I have a static panel data model with small T (T=5) that makes it impossible for me to use granger causality as it requires a long time span.

So my question:

  • Is there any alternative solution to test for causation even in a small T context?

Any hint will be highely appreciated!

  • $\begingroup$ what's the other dimension of the panel (i.e. N)? $\endgroup$
    – user603
    Sep 19, 2010 at 14:41
  • $\begingroup$ thanks Jeromy for your reply,my second dimension is N=16. $\endgroup$
    – Ama
    Sep 19, 2010 at 16:27
  • $\begingroup$ Sorry i mean Kwak $\endgroup$
    – Ama
    Sep 19, 2010 at 16:36
  • $\begingroup$ Ama>: imho that's much too little. Even if the observations were drawn from a single process (i.e. a single run of 4*16=64 differentiated observations), the granger test for causality would probably require more data points. Now in your case you would also have to account for the loss of degrees of freedom to control for the fact that your observations are coming from different process. $\endgroup$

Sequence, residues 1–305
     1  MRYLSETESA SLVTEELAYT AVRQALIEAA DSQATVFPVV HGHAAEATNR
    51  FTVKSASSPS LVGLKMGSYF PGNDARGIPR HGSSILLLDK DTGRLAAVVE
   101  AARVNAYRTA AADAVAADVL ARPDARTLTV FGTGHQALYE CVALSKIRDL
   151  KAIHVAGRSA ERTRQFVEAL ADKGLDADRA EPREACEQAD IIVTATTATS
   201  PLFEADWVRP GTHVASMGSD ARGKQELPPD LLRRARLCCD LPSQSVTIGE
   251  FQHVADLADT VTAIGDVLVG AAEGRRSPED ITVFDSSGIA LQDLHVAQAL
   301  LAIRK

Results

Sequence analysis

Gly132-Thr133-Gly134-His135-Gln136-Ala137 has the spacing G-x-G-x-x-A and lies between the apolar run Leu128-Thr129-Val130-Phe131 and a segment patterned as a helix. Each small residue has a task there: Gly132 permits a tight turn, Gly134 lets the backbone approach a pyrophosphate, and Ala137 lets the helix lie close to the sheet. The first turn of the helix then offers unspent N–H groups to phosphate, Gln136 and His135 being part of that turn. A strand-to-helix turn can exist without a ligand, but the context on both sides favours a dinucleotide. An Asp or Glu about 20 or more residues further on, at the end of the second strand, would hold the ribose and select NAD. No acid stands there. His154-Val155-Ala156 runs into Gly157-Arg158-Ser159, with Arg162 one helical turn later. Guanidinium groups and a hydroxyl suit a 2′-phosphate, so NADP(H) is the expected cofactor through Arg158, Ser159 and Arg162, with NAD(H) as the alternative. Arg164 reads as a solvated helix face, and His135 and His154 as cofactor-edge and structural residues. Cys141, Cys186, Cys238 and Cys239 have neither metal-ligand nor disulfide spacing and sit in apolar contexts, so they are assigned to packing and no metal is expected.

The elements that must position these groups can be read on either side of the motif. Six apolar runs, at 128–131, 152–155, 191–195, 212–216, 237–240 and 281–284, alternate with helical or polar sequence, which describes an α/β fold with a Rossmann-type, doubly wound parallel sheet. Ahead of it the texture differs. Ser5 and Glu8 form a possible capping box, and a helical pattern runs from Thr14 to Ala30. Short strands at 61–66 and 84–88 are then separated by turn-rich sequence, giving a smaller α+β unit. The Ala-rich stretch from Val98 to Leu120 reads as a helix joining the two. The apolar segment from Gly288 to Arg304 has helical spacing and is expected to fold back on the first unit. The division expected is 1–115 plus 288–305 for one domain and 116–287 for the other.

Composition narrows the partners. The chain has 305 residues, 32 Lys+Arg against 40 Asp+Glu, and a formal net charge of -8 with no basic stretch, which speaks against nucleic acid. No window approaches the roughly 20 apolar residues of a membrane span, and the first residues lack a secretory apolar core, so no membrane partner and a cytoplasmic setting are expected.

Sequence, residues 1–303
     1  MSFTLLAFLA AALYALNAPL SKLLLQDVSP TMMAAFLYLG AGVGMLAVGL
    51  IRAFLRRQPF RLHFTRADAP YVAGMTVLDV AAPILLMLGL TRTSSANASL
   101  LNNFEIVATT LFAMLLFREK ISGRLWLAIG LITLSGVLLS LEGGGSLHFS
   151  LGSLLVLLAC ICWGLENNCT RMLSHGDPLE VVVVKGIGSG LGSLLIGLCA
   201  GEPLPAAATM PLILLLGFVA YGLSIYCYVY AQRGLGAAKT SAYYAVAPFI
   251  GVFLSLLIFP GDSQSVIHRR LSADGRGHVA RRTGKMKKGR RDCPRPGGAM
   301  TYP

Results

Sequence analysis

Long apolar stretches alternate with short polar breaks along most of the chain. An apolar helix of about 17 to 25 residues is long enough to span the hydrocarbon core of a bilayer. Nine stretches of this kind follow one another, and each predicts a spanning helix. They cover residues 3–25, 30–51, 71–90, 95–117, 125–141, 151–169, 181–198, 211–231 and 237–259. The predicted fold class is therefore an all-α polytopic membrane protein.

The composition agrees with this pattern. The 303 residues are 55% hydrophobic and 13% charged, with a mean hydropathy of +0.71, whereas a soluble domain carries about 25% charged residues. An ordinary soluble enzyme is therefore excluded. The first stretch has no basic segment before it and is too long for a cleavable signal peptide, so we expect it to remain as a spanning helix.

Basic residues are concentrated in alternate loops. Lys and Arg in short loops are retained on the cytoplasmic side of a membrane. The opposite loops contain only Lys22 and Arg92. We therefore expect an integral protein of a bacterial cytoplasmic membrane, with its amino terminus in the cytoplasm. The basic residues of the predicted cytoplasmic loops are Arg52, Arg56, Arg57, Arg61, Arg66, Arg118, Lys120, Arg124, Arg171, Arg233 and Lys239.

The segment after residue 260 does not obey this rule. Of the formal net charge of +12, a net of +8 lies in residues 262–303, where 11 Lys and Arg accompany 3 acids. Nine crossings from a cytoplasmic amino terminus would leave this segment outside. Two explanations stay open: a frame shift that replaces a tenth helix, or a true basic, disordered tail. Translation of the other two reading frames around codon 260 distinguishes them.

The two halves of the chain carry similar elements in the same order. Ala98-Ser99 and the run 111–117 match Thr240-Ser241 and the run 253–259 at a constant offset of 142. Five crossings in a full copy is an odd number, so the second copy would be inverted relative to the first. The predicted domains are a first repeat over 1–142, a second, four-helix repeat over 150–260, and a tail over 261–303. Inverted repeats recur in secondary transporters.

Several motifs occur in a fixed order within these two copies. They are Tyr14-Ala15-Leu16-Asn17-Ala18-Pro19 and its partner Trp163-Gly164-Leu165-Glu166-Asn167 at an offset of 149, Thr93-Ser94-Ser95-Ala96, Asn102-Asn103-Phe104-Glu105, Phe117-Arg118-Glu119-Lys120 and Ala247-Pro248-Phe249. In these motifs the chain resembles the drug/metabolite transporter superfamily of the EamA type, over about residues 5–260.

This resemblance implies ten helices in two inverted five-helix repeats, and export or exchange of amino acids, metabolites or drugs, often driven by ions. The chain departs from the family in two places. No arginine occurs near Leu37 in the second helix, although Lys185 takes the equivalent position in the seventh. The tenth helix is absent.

– user603
    Sep 19, 2010 at 16:52
  • $\begingroup$ sure, you are right, but is there any possibility to bypasse this issue?? $\endgroup$
    – Ama
    Sep 19, 2010 at 16:59

1 Answer 1


I guess the current (econometrics) industry standard for this setting is fixed effects regression. Take a look at the section on panel data in this paper by Austin Nichols for a concise discussion. For these kinds of analyses you want larger N, typically, though. (By the way, for those with a background in statistics rather than econometrics, the usage of "fixed effects" is different for econometricians. For them, it means a regression that uses differencing or dummy variables to account for unmeasured (linearly additive) confounders in a repeat observation setting. This is different than what statisticians usually mean, which is usually in contrasting "fixed" and "random" effects.)


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